Despite this, most efforts to reform US gun laws continue to fail. In February, the House of Representatives passed the first bill in 25 years aimed at controlling access to guns, which the Senate failed to advance. Similar restrictions put forward in 2016, following the nightclub shooting in Orlando, suffered the same fate. Most efforts to reform gun laws are happening at state level, but even these are highly contentious.

Rob Bernstein is Co-Chair of the IBA Human Rights Law Committee. ‘The well-funded and well-organised gun lobby led by the National Rifle Association is the greatest challenge for reforms,’ he says, speaking in a personal capacity. ‘Too many legislators are beholden to gun lobby money.’

A New Zealand-style approach wouldn’t be accepted in the US, adds Bernstein. ‘The unfortunate reality is that’s more than even our most progressive politicians are hoping for at this time.’

Too many legislators are beholden to gun lobby money

Rob Bernstein
Co-Chair, IBA Human Rights Law Committee

Faced with a legislative standstill, the focus should be improving safety, says Dr Georges Benjamin, Executive Director at the American Public Health Association. ‘Lots of things in our homes and society carry some risk and can kill us,’ he says, giving razors, power tools and cleaning products as examples. ‘[We] have evaluated their risk and tried to make every single one of those consumer products safer – except guns.’

There’s an enormous amount the US can do to make guns safer, says Benjamin. For example, tighter background checks on gun sales, better education on safety precautions and owner responsibility, and compulsory training before acquiring a gun licence. Technology such as fingerprint IDs to ‘unlock’ a gun and visual indicators to show that weapons are loaded can help to reduce accidental shootings.

‘There are probably some things we should ban, like bump stocks [for firing bullets in rapid succession],’ he adds. ‘Some weapons of war we shouldn’t have on our streets. They’re not useful for hunting.’

Bernstein notes the US Supreme Court’s 2008 ruling in District of Columbia v Heller. The Court held that the Constitution’s Second Amendment protects an individual’s right to bear arms, but does not maintain that this right is unlimited. ‘That certainly left the argument open that certain classes of weapon can be banned as excessive for self-defence,’ he says. Such tests are winding their way through the US judicial system at present, including Kolbe v Hogan, where the 4th Circuit upheld Maryland’s ban on assault weapons.

Calling out extremist content

Another impact of the Christchurch attack is a push by Jacinda Ardern to ensure that hateful content is eliminated on social media. The livestream video of the 15 March attacks spread widely before Facebook took it down. The social media behemoth has since pledged to tighten the rules on use of its livestreaming feature.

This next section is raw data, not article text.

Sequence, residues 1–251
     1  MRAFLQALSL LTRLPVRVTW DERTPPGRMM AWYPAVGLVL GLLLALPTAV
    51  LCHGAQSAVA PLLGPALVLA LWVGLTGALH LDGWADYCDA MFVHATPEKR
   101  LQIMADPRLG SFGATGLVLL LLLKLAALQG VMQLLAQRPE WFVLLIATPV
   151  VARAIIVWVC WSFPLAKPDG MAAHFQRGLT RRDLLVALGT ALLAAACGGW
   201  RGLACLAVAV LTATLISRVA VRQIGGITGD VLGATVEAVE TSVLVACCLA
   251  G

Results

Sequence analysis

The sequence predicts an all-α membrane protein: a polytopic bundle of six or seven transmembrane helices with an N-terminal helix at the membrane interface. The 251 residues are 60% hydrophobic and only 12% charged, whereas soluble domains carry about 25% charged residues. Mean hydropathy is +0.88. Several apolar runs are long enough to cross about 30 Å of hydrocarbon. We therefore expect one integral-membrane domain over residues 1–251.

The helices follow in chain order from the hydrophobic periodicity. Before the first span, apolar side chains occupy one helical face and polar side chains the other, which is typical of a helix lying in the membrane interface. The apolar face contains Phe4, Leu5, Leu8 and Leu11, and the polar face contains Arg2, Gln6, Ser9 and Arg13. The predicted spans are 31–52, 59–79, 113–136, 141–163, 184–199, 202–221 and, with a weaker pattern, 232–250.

Ardern’s drive has resulted in the so-called ‘Christchurch Call’, a voluntary pledge to eradicate violent extremist content online, being adopted by 18 countries and eight tech companies, including Facebook, Google, Twitter, YouTube and Amazon, as of 21 May. It includes developing measures to prevent extremist content from being uploaded, addressing the roots of extremist violence, increasing transparency over the removal of content and reviewing how algorithms direct users to this content. Notably absent from the list of countries that adopted the plan is the US.

‘There’s an important role for social media to build safer communities,’ says Janet Anderson-Bidois, Chief Legal Adviser at New Zealand’s Human Rights Commission. While New Zealand does have laws underpinning online content, such as the Harmful Digital Communications Act, she says Christchurch highlighted that ‘we need to look very carefully at those laws and whether they are adequate to deal with mass dissemination of harmful content’.

But there can be challenges in enforcing New Zealand’s laws against firms that are headquartered overseas. ‘It might be a combination of both legislative change in New Zealand and a response from the companies,’ says Anderson-Bidois.

Legislation, education and engagement are key elements in tackling gun violence, but how reforms and initiatives can deliver the greatest impact remains an open question.

It’s worth noting that Australia has not seen a mass shooting since it introduced an outright ban on automatic and semi-automatic weapons as well as tougher licencing laws in 1996.

‘The real answer is “I don’t know for certain, but we need to try something”,’ says Bernstein of the US situation. ‘The Columbine High School massacre… was unthinkable in 1999. [In early May] in Colorado, we had the second fatal school shooting in a week… and the news reported it to be the thirteenth fatal school shooting in the US this year.’